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The Department of Justice pre-cleared North Carolina’s redrawn Congressional map today, solidifying this cycle’s most detrimental gerrymander for House Democrats.
The Republicans who control the state Legislature dismantled four Democratic districts under the recently inked map, drawing 10 Republican seats and three Democratic ones. The current House delegation comprises six Republicans and seven Democrats.
The map approved by the DOJ has only three safe Democratic districts in a state that voted for Barack Obama in the 2008 presidential election. They comprise two snaking majority-minority districts and a liberal bastion in the Raleigh-Durham Research Triangle.
The other 10 districts would have voted 55 percent or more for Sen. John McCain (R-Ariz.) in the 2008 election, with the exception of GOP Rep. Sue Myrick’s district, which would have voted 54 percent for McCain and remains safe Republican turf.
In a letter to the special deputy attorney general in Raleigh, Assistant Attorney General Thomas Perez, who oversees the Civil Rights Division, said the attorney general does not “interpose any objection to the specified changes” to the map. Under the 1965 Voting Rights Act, either the DOJ or the District Court for the District of Columbia must approve changes to voting lines in certain states, including North Carolina. Once the pre-clearance is given, the laws become enforceable.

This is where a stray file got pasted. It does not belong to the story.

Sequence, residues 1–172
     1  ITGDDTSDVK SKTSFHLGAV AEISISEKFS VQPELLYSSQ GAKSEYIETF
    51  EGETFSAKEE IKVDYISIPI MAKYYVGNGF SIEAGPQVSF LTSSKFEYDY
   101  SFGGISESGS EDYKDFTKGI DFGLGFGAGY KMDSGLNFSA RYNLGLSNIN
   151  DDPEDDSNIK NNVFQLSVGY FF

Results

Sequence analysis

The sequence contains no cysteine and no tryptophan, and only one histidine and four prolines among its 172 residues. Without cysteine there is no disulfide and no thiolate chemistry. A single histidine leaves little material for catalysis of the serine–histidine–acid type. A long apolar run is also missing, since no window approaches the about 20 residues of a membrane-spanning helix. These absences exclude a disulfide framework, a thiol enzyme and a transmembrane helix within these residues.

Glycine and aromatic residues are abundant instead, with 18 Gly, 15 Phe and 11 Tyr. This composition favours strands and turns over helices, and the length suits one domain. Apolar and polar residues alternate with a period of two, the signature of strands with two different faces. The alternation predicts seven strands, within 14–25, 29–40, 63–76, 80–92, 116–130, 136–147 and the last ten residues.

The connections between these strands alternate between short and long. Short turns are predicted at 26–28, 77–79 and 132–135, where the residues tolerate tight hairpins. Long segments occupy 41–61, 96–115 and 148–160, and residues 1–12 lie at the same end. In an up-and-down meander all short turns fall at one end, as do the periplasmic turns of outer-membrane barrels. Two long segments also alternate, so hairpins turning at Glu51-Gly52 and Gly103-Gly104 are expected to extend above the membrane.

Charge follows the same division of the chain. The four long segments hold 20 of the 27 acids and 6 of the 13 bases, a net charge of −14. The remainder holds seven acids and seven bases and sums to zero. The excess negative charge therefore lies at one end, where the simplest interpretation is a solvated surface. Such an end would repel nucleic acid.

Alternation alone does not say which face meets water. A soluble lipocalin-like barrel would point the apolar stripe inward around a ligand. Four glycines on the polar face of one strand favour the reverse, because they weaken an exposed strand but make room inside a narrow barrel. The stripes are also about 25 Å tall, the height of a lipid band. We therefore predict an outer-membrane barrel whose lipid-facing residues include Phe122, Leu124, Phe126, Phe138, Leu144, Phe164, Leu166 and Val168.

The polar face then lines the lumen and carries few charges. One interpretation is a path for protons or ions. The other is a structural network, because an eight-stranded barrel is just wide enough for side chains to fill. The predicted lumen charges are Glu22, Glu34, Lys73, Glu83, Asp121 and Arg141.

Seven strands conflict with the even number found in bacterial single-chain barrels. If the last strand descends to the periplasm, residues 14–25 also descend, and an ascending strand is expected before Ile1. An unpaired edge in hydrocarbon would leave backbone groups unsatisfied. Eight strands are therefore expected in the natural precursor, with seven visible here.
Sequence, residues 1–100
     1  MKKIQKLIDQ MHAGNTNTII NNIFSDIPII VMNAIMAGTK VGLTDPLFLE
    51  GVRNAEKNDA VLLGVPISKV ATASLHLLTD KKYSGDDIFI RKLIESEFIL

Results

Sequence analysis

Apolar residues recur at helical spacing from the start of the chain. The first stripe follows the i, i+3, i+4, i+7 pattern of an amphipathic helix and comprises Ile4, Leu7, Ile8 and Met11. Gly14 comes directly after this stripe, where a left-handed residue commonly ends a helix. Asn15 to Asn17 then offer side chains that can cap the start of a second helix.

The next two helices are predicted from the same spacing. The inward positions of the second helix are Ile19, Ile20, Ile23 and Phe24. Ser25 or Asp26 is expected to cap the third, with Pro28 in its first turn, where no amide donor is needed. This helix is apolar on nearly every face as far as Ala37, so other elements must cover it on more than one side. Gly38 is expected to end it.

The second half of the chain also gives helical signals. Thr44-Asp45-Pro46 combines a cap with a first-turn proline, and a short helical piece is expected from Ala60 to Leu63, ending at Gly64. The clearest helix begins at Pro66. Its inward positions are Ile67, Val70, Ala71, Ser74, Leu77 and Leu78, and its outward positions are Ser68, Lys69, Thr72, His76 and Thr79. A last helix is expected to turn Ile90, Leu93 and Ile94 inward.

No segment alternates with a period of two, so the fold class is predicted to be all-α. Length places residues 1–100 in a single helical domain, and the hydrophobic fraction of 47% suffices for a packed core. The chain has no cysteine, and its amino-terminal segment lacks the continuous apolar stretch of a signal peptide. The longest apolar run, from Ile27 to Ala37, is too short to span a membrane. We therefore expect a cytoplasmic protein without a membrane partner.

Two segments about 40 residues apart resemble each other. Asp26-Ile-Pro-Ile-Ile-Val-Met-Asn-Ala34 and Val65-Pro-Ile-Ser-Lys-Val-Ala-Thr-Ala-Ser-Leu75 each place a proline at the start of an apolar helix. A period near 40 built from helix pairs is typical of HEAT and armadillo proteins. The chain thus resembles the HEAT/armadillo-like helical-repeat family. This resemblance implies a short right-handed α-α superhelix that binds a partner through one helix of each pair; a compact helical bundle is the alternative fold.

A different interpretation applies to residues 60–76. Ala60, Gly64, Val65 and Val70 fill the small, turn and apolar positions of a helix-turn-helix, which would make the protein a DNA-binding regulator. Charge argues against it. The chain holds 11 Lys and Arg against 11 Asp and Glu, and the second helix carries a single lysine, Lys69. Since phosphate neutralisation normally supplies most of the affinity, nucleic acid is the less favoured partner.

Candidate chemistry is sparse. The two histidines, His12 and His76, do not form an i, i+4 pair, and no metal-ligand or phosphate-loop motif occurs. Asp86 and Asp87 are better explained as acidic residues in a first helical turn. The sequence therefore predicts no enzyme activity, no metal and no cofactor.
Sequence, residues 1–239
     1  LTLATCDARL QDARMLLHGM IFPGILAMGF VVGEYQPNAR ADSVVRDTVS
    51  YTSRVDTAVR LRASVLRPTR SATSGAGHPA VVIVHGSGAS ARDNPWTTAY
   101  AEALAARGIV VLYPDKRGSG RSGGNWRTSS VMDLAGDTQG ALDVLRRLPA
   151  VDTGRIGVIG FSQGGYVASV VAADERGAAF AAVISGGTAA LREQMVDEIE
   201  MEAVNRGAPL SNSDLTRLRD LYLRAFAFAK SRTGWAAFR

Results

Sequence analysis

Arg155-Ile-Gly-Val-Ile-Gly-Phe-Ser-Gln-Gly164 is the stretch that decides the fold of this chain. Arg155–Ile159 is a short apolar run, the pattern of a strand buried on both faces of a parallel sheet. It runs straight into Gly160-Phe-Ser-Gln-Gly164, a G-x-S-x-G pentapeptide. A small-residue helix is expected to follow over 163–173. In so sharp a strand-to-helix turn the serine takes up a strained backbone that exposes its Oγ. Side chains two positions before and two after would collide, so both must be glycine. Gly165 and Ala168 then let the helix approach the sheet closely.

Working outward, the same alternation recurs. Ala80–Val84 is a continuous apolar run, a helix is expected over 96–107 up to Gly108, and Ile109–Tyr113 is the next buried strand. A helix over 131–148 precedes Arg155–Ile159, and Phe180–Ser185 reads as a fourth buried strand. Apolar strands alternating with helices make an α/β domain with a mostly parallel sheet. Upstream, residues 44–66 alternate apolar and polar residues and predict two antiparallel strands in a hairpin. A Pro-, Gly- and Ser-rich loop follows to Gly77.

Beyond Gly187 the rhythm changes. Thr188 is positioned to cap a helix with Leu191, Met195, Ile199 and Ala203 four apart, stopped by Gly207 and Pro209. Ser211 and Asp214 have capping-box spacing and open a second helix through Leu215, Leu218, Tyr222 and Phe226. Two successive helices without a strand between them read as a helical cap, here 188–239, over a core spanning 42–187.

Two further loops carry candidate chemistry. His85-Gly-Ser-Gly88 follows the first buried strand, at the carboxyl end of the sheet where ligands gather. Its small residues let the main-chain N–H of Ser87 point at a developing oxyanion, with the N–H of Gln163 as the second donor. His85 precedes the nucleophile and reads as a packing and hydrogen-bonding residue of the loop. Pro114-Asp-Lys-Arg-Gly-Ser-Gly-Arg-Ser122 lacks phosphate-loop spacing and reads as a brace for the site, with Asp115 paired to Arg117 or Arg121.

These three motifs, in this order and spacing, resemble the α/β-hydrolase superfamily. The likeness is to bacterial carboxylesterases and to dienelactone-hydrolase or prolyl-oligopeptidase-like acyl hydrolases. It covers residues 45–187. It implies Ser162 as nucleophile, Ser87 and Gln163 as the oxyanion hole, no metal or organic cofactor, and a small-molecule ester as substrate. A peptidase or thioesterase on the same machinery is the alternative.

State Senate Redistricting Committee Chairman Bob Rucho (R) and state House Redistricting Chairman David Lewis (R) released a joint statement hailing “today’s historic decision.”
“The Obama Justice Department’s stamp of approval on our redistricting plans confirms what we’ve said all along: these are fair and legal maps that give a strong voice to all voters,” Rucho and Lewis said. “It also should silence the racially-charged rhetoric and put to rest the baseless claim that these maps were somehow discriminatory.”
There is likely to be a lawsuit over the lines, but it’s unclear how successful it might be.
Preparing for the potential of this decision, some Members have been laying the groundwork for accepting the new political reality. Miller, who was drawn out of his district, appears likely to challenge the dean of the Democratic delegation, Rep. David Price, in the newly configured 4th district where they both now live. It includes about a third of each of their current districts, although Price has the edge in how much of it he currently represents. The 13th district, which Miller now represents, is no longer winnable for any Democrat.
One Member who doesn’t appear to have been working as if his political future depended on it is Shuler, who raised a paltry $87,000 and burned through $99,000 in the third quarter. He faces re-election in the most Republican district in the state.